A pathologist has told an inquest that a British couple who suddenly fell ill after staying in an Egyptian hotel room died of carbon monoxide poisoning.
But experts could not be sure of the source of the poisonous gas that killed John Cooper, 69, and his wife Susan, 63, Blackburn Coroner's Court heard.
The couple, from Burnley, Lancashire, died suddenly on 21 August 2018 after becoming ill.
They were staying at the Steigenberger Aqua Magic Hotel in Hurghada.
A statement from a German tourist read at the inquest said there was a bed bug infestation in the room next door to the Coopers which was treated with a pesticide, referred to as Lambda, at lunchtime, with the Coopers falling ill in the early hours and dying the next day.
The two rooms had an adjoining door, but this was kept locked.
Home Office pathologist Dr Charles Wilson gave a cause of death for Mr Cooper as carbon monoxide toxicity and heart disease, and carbon monoxide toxicity for Mrs Cooper.
Toxicology expert Professor Robert Chilcott told the hearing he detected the presence of carbon monoxide in blood samples from the bodies of the couple but he could not be certain of the levels.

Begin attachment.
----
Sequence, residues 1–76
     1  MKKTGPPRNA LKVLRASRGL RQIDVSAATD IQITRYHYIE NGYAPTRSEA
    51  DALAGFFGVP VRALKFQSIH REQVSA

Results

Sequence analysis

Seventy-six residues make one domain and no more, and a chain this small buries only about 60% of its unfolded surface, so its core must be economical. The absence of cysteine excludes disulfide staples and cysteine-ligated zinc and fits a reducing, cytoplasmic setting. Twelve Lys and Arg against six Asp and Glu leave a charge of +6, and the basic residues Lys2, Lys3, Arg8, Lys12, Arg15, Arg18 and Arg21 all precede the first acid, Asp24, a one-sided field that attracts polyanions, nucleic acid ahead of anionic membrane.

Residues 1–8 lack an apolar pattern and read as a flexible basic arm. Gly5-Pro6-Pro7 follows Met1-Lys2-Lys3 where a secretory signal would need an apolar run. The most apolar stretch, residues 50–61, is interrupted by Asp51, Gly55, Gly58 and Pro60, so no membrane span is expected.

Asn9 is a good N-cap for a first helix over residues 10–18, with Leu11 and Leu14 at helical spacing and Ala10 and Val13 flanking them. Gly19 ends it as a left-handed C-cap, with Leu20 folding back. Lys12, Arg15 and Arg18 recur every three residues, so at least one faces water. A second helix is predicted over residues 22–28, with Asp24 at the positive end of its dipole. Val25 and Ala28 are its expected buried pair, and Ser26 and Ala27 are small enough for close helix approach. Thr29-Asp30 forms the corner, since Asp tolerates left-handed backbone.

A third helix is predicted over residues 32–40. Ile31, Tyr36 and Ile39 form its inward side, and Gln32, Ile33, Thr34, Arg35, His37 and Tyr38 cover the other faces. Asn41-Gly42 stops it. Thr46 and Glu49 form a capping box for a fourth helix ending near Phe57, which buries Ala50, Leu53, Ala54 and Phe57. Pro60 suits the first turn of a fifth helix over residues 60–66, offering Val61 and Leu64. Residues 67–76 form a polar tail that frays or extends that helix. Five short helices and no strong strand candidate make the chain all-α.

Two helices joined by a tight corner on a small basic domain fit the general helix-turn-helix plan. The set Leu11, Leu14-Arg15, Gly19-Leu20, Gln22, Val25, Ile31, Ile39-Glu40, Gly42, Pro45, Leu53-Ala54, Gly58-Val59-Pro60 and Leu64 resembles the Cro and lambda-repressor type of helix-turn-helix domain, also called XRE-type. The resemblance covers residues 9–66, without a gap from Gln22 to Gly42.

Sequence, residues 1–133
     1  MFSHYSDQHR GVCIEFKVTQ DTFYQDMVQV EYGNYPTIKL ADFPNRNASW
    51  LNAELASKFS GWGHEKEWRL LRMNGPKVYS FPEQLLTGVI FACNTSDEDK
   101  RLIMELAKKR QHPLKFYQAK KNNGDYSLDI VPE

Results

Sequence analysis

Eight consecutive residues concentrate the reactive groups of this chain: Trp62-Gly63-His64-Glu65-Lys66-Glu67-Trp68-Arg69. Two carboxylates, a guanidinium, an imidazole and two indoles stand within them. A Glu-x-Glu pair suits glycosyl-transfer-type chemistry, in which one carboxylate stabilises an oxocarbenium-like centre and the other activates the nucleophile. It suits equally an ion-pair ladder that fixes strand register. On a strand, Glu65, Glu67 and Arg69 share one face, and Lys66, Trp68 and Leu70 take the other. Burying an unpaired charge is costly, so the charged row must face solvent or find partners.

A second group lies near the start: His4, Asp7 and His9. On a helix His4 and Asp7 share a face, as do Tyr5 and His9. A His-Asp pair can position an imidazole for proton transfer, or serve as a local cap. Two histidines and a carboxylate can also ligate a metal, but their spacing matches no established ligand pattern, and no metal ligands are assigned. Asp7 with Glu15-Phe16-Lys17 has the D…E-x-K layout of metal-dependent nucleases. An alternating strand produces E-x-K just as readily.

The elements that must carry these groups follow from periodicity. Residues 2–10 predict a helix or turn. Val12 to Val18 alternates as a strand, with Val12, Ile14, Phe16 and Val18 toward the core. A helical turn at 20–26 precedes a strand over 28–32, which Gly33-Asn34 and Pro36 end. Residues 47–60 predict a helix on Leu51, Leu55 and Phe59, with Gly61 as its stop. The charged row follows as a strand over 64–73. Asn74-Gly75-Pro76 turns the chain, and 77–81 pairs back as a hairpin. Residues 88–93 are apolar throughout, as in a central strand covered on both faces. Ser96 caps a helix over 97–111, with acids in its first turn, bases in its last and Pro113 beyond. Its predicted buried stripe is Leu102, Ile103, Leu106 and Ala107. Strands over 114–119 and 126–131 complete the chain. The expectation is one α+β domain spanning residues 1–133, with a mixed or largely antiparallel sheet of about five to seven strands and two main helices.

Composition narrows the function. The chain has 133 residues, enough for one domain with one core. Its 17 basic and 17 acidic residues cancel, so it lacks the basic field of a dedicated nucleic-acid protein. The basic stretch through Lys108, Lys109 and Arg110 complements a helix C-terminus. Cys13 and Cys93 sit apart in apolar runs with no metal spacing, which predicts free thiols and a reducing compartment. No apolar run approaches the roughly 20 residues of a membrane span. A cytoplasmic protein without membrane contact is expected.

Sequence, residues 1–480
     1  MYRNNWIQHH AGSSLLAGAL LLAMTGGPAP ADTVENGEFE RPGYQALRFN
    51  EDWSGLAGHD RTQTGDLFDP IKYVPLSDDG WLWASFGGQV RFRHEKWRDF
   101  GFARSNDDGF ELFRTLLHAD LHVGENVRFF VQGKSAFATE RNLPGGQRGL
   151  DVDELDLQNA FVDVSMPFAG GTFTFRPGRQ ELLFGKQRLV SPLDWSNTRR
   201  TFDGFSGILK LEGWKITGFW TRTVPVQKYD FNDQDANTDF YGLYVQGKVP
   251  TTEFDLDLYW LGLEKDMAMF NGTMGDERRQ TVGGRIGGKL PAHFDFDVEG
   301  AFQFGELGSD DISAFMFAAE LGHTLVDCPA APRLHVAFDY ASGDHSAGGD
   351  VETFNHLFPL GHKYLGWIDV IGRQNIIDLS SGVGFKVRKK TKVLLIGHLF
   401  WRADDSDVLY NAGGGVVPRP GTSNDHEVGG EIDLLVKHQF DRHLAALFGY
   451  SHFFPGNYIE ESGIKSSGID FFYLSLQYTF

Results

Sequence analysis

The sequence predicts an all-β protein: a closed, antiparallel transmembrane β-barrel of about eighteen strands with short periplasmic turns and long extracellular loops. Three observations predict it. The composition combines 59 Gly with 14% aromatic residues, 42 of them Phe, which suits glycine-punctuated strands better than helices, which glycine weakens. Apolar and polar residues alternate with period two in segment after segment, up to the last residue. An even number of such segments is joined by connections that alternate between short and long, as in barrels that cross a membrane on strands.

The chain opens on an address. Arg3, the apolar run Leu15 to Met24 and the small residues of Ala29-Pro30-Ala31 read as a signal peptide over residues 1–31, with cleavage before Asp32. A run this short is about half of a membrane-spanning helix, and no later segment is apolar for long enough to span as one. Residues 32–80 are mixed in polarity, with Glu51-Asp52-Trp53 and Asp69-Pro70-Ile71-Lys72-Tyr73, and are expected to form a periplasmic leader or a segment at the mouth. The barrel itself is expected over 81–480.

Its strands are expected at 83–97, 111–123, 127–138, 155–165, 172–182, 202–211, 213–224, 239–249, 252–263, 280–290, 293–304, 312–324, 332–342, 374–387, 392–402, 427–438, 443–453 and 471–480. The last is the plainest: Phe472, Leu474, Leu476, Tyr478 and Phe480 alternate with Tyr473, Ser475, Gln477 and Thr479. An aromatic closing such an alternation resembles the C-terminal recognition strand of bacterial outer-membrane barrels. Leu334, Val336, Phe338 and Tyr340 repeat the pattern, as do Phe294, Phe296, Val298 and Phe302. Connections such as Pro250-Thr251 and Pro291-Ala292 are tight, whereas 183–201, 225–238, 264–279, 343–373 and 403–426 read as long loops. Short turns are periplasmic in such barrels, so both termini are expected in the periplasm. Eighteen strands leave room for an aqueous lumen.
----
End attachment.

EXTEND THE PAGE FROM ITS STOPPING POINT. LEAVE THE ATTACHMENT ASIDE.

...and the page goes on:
He said the levels were sufficient to suggest "severe exposure" to carbon monoxide.
Prof Chilcott suggested in less developed countries the pesticide Lambda is sometimes diluted with another substance, dichloromethane, which causes the body to metabolise or ingest carbon monoxide.
He added a 10-hour exposure duration would be "sufficient to cause carbon monoxide poisoning."
He also said there were occupational limits in the UK about how much you are able to inhale and spraying it, as in the hotel room, would "rapidly exceed" those exposure limits.
Dr Nick Gent, a former senior medical adviser to Public Health England, said he agreed on the presence of carbon monoxide in the Coopers' blood but had no idea about the source.
Earlier Kelly Ormerod, the Coopers' daughter, described her parents as fit and healthy for their age and said they had been enjoying a "brilliant" holiday with her, their three grandchildren and family friends.
Mr Cooper, a builder, and his wife, Susan, a cashier at a bureau de change in a Thomas Cook travel agent, were found seriously ill in their room by Ms Ormerod after they failed to emerge for breakfast.
Her father was declared dead on the hotel room floor and his wife in hospital hours later.
The hearing was adjourned until Friday.